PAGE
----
Vantage Motorhomes is one of my favourite van converters. They build luxury Fiat Ducato based campers, and one of the reasons I’m a fan is that they follow a strict, clear formula – all rear-lounge campers, all two-berths, and all with three-letter model names.


Being clear in their product design goals helps them focus on the details – in a Vantage camper, you can tell the small stuff has been sweated – and it lets them keep pricing reasonable through streamlined production. 


That’s not to say that they haven’t deviated from this formula in the past; it’s just that Vantage tends to quickly roll back experiments if they’re not working. So far, none of their front-lounge campers – one of which, the Zen, was even based on the rare Vauxhall Vivaro base – has earned a place in the first-team roster. 


All of that is likely to change now, though, thanks to the range of front-lounge campers that Vantage has launched at the NEC. If you’re at the show this weekend you should definitely go and view them on stand 11-60. 


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Vantage’s new front-lounge Vue camper


There are three models, and they differ mainly in terms of wheelbase length – the Gem is based on the 5.4m MWB Ducato, the Ora is based on the 6m LWB Ducato, and the Vue is based on the 6.4m XLWB Ducato. The layouts within are very similar, with a side kitchen, twin-sofa front lounge and an identical rear washroom across the board – once again, the product of a focused design process.


All three are excellent campers, with enough storage and worktop space – even in the medium wheelbase Gem – for two people to tour comfortably. The star of the line-up is the Vue, which offers a feeling of space that rivals even coachbuilt interiors. However, I have a feeling that most buyers will go for the six-metre Ora, which is a good compromise between the two and should be easier to park and pilot down small lanes.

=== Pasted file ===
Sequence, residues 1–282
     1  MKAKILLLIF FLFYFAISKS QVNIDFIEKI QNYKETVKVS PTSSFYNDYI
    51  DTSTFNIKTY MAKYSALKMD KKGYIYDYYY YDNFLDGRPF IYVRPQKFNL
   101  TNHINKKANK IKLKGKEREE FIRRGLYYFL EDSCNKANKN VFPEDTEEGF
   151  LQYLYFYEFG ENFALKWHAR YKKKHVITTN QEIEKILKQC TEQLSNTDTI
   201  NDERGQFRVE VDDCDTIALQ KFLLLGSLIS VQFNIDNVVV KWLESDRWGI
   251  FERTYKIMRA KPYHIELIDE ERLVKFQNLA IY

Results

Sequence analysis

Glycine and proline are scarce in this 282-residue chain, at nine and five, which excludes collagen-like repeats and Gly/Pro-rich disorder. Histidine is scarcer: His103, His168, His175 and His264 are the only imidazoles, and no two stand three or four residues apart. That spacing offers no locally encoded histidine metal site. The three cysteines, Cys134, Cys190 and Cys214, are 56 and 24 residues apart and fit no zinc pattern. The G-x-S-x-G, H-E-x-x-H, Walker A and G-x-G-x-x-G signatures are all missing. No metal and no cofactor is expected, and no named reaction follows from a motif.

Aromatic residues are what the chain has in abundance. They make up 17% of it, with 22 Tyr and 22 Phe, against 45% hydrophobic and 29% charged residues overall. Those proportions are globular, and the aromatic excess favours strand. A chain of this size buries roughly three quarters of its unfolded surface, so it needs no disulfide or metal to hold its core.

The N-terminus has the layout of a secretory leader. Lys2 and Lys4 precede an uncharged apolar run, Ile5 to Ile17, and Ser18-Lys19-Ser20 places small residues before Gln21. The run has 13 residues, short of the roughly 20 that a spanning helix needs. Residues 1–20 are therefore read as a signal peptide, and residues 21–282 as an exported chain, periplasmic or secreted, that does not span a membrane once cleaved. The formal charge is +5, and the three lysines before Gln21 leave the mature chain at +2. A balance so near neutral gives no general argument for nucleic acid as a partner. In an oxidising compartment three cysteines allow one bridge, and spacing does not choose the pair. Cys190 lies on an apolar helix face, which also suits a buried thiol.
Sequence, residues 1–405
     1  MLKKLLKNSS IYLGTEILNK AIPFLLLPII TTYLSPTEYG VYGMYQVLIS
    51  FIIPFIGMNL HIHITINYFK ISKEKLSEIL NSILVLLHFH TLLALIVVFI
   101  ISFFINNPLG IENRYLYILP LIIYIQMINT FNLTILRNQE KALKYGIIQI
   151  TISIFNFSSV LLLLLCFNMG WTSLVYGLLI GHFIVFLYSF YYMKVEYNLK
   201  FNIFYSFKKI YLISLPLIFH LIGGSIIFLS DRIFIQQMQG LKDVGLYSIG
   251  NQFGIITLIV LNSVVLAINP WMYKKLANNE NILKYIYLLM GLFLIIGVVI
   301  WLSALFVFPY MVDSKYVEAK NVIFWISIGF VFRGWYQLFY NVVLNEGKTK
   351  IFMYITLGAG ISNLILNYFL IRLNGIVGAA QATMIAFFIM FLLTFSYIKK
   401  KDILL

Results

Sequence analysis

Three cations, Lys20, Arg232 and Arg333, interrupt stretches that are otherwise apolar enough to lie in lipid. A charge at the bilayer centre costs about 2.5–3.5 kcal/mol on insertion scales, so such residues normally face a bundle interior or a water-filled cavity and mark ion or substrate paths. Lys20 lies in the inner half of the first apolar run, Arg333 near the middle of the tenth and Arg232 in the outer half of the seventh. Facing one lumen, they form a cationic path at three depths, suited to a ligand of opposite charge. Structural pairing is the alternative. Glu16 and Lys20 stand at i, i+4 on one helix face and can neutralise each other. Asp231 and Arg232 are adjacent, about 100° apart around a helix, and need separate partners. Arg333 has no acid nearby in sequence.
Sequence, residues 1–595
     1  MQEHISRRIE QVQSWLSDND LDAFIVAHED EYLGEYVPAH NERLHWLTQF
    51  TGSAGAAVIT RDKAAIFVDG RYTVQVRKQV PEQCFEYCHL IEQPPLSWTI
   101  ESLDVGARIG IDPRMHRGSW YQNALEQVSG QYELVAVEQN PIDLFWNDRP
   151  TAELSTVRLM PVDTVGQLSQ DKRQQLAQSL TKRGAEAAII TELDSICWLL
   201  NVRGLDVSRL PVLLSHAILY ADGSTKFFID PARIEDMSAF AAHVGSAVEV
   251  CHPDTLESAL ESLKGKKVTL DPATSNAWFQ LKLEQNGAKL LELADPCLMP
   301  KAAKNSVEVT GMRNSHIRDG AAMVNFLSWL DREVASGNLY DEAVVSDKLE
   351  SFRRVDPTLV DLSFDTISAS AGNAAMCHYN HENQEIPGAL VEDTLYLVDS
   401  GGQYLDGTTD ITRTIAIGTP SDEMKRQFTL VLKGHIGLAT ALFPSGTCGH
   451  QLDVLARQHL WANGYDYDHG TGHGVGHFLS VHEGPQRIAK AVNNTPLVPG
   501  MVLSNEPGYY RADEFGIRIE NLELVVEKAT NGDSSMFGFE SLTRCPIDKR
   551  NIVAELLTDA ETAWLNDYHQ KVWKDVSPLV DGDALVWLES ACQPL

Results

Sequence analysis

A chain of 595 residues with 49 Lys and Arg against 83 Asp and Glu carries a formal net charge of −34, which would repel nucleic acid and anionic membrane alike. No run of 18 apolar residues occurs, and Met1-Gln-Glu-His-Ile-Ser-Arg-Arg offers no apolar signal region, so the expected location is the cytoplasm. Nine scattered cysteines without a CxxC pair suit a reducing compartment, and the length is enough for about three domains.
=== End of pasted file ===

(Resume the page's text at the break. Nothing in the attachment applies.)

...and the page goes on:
Vantage has also introduced a fixed rear GRP pod option – most famously utilised by IH Motorhomes – on its rear-lounge models, which sees the base vehicle’s rear doors removed and replaced with a one-piece GRP cap, creating a much more streamlined exterior and a more comfortable interior, with better insulation. 


You can also order a Vantage with a GRP side panel and coachbuilt-style door in place of the metal sliding door, but the company’s founder Scot Naylor seemed less keen on this feature. He told me he believes that the panorama offered by the big sliding door is a big selling point of a van conversion. But, in true Vantage fashion, he’s trying out the smaller doors to see what happens. While the side door option might soon end up on the cutting room floor, I expect the new line-up of front lounge campers, and the new GRP rear pod, to become mainstays in Vantage’s stable.